Saudi Arabia okays Chevron oil concession extension
Saudi Arabia's cabinet has given final approval to an agreement that extends an oil concession held by US major Chevron in its Neutral Zone shared with Kuwait.
The concession is the only oil production deal that survived the Saudi nationalization of the oil industry in the 1970s. The 60-year deal was first granted in 1949 to a company founded by US industrialist Jean Paul Getty, helping make him the richest man in the United States.
The council of ministers has decided to approve the extension and amendment agreement between ... Saudi Arabia and Chevron Saudi Arabia at the Neutral Zone," Saudi state news agency SPA reported yesterday. SPA gave no further details on the extension or amendment.
In July, the Saudi cabinet authorized the oil minister to sign an extension.
Saudi Arabia and Kuwait share the estimated 550,000 barrels per day (bpd) output from the Neutral Zone. The zone is a region between Saudi Arabia and Kuwait that dates back to 1920s treaties to establish regional borders.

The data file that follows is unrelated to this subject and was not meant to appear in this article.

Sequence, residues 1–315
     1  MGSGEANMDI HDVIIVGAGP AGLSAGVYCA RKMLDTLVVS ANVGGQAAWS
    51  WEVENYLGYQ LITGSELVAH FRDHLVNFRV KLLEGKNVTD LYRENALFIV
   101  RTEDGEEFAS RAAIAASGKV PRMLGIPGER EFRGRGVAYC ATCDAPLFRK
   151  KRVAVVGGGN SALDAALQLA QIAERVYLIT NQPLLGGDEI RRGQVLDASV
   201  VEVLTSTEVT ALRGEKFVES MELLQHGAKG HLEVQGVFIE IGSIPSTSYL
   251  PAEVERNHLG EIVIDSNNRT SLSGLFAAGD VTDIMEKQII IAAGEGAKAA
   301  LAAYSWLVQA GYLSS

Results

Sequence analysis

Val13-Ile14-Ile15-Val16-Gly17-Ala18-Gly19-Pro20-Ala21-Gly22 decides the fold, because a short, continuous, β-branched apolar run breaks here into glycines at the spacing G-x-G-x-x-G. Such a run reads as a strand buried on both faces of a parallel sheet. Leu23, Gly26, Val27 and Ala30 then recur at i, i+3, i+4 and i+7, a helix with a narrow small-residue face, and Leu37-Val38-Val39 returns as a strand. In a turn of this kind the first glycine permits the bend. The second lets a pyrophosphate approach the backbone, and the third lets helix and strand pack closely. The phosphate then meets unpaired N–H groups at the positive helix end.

Chevron acquired the concession when it bought Texaco in 2001. Texaco had acquired it from Getty Oil in 1984.
Since the nationalization of the Saudi oil industry, the world's largest oil reserves have been off limits to international oil companies. Saudi Arabia holds around 264 billion barrels, over a fifth of the world's proven reserves, and is the world's top oil exporter. - Reuters